Unfortunately, it is one more example of how some real-estate projects can detract from the appearance of historic Brooklyn neighborhoods.

It also underscores the importance of the current effort to expand the borders of the Park Slope Historic District in order to protect this attractive community from irresponsible development.

John Casson

Park Slope

Stop ‘The Butcher’!

To the editor,

Regarding your recent story, “Blood on the water” (March 19), I must first say that I’ve been enjoying the sights of Prospect Park for decades, and am thrilled with all of its changes. But obviously one thing hasn’t changed: ritual sacrifice.

I have stumbled across countless scenes of ritual sacrifice throughout the years. Usually a few pieces of fruit and an empty rum bottle is all one finds, but I have also come across at least a dozen sights of poultry slaughter. There’s always a rock, always a pool of blood, always a burn spot, and usually tell-tale clumps of feathers nearby.

Mount Prospect and the Flatbush side of the park seem to be the areas most often used. In fact, on the Flatbush side it’s not uncommon to find the entire headless carcass of a rooster.

Even stranger, are the carefully arranged pentagrams fashioned from pebbles and twigs within sight of the boathouse.

J. McLaughlin

Park Slope

You know, this is illegal

To the editor,

Would the park notice if the entire lake disappeared overnight?

The penalties for harming wildlife, illegal dumping, and littering in Prospect Park Lake are severe. For example, the Environmental Control Board penalty for violations of regulation A16, section 56 RCNY1-04 (g)(1) states: Molest/kill/remove/possess animal/nest/egg, etc. is $1,000 for each offense.

The same fine goes for illegal dumping in the park and lake. Garbage cans, ice ladders, barricades, and other debris are routinely thrown into the waters without fear. Urban Park Rangers and Park Police are needed to patrol the lakeside and without them visible, the lake becomes an easy target for ongoing vandalism.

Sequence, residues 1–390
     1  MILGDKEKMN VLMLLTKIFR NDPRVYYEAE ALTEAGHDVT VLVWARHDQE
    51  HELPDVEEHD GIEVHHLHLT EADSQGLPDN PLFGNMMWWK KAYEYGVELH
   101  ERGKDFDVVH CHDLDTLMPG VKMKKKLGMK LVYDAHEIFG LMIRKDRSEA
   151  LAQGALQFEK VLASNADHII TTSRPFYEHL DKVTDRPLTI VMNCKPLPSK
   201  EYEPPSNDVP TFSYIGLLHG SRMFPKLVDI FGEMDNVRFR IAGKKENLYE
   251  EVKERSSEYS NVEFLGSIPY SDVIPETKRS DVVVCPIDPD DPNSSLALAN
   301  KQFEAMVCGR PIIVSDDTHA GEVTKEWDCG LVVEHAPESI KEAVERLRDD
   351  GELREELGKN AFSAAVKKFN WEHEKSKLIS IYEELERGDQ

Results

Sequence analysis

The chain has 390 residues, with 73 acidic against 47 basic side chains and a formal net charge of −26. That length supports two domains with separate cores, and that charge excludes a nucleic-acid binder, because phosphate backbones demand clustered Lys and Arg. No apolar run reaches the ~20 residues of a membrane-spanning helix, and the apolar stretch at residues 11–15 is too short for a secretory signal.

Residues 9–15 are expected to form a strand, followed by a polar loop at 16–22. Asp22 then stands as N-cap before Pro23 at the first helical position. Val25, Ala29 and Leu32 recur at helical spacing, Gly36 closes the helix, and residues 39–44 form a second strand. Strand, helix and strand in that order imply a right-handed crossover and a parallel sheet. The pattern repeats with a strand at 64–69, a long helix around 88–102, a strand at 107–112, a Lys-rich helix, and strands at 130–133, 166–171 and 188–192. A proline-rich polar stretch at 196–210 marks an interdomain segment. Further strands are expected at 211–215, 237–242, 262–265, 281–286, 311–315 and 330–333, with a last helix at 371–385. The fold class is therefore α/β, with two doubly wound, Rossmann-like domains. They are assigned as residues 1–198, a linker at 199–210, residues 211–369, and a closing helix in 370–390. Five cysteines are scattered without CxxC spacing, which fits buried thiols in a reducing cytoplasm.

It is cost effective to pursue the violators. Without enforcement at the park, many are dreading the consequences of the continuing widespread abuse and neglect.

Anne-Katrin Titze

Park Slope

Mike’s vote was sick

To the editor,

I wrote this open letter to Rep. Mike McMahon.

Congressman, you voted against the wishes of your constituency when you rejected the Senate health care bill. You cannot imagine how disappointed I felt. After all, I voted for you believing that you — unlike former Rep. Vito Fossella — would represent those he didn’t.

But, apparently, you represent the same moneyed interests he did — privileged residents who pretend to defend family and American values.

You should recall that you were elected on President Obama’s coattails by voters who wanted change, voters who could benefit from health care and immigration reform.

There are thousands of people in this district in dire need of health insurance. At a recent visit to a local emergency room, I noticed how many people were there simply because they had no coverage and nowhere else to go. Those are the ones who have helped raise the cost of medical care in this state and around the country, for they are unable to pay for their hospital bills. Thanks to this situation, our premiums are becoming more and more expensive. And you are irresponsibly contributing to that.

But why would you care? You have coverage from Congress.

I noticed that you have gotten the support from many Republican luminaries in our district, like Borough President Molinaro. Though that might seem like recognition for a job well done, it really means that you are really looking after their interests, not those of the ordinary New Yorker.

Ernest Barteldes

Staten Island